Wednesday, September 19, 2007
"Labyrinth" moves between two main characters, Alice Tanner in present day France, and Alais in the French city, Carcasonne, in the 12th century.
This book was entirely too long. At 528 pages, "Labyrinth" was more of a well-written history book than a mystery novel. Cathars, the Grail, Egypt, French stuff, bloody wars in the name of religion, etc. I can't be bothered to go into detail.
Basically, a decent storyline, with characters whom you do actually care about, was bogged down by way too much historic detail and an unbelievable ending.
Part police procedural, part psychological thriller, this debut novel by Tana French pushed aside the conventional whodunit crime story. There are two major mysteries throughout "Woods," possibly intertwined, with even a dash of political controversy to add to the mix.
Knocknaree, Ireland, 1984, three children go to play in the woods. Two never came back out. The one surviving child, Adam, is found by rescuers unresponsive and clinging to a tree, fingernails broken off into the bark, shoes filled with blood. Adam, unable to speak of or remember what happened in the woods, moves away and changes his name.
Fast forward to present day, Adam, now called Rob, is a detective on an elite Murder Squad. He and his best friend and partner, Cassie, take a case of a murdered little girl who is found in Knocknaree. Similarities between this new case and the one in 1984 begin to take their toll on Rob. With bit by painful bit, memories start coming back to haunt him, driving him to drink. The effects of alcohol and the terror of possibly remembering what happened to his childhood friends crosses over into his job as a detective and the relationship with his partner.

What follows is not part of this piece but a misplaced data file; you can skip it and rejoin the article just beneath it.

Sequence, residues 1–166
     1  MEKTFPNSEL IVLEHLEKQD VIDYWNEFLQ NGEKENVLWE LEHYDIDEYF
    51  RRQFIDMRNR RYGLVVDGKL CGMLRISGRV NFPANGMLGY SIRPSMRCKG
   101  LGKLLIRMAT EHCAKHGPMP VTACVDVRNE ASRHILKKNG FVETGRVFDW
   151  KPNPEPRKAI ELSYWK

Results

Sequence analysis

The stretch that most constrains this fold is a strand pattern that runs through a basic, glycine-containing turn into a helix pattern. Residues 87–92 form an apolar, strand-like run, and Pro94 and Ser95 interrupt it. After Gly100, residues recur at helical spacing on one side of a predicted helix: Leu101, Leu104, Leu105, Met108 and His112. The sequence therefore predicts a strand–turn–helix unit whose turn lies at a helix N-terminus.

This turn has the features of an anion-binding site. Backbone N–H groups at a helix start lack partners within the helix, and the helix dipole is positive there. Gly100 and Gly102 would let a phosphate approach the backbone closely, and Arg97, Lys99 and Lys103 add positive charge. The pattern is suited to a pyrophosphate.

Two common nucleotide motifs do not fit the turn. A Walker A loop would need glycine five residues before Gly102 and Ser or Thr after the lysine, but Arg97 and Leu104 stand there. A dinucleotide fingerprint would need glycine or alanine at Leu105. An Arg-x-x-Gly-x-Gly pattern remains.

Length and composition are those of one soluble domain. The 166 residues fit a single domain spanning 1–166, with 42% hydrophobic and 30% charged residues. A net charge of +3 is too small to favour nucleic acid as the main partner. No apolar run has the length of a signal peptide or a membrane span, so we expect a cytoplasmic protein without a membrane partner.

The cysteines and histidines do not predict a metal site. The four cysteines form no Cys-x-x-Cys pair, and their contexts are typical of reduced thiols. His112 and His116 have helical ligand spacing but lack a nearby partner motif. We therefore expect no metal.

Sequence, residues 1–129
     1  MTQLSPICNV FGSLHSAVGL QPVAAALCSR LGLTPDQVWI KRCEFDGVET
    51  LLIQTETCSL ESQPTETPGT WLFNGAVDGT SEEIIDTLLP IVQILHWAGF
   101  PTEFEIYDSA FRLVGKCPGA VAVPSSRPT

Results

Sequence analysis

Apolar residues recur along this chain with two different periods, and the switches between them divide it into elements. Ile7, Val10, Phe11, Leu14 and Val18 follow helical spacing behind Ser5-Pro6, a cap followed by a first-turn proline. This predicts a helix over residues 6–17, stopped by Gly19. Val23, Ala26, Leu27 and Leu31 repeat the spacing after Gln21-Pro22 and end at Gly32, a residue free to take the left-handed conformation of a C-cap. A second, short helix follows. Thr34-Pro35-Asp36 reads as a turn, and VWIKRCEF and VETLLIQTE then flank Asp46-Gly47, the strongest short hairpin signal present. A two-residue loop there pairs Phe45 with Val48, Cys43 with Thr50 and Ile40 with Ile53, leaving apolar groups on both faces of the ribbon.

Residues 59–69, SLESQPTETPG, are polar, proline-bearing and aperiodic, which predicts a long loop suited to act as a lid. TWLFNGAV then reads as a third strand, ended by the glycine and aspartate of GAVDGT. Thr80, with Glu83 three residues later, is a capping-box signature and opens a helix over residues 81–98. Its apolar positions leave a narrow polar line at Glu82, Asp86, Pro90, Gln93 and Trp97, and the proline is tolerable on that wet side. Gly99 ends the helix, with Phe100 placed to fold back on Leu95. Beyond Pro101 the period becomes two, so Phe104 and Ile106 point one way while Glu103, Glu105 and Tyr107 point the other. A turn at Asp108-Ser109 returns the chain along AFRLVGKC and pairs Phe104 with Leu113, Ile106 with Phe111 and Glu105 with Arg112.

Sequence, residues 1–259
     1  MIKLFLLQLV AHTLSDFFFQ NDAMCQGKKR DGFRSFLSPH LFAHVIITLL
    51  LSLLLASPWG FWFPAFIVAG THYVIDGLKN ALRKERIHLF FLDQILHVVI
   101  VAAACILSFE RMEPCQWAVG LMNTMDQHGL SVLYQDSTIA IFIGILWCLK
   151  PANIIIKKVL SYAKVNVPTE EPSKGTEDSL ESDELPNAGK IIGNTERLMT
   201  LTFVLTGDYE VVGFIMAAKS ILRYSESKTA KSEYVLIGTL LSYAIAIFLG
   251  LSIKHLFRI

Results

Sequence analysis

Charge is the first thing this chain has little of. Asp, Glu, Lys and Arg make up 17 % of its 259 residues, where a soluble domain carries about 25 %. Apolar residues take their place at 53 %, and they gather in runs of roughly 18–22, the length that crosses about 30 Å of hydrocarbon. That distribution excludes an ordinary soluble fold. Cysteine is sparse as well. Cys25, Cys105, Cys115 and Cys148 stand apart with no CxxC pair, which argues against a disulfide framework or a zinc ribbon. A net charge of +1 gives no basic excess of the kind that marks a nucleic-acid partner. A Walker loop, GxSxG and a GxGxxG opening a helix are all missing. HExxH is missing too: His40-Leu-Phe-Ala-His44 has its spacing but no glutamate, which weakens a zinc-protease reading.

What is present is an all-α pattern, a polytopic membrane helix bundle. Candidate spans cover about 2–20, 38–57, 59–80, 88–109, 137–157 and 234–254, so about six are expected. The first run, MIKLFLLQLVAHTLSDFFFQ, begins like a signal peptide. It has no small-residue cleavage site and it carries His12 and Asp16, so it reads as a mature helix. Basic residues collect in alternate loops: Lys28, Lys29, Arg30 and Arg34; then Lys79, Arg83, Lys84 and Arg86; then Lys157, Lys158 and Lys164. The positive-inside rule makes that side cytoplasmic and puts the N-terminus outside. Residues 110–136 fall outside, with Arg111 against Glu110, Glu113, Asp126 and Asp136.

When I finished this book, I was upset at how it ended. I cursed. "What a crap ending," I thought.
I couldn't stop thinking about it, and slowly I came to realize that, had I been the author, I'd have written it exactly the same way. As a reader, I doubt any neat little ending that wrapped up the 20-plus-year old mystery would have satisfied me. Now, the author could be leaving room for a sequel; it's entirely possible. But if not, I'm actually now thinking, "Well done, French. Well done."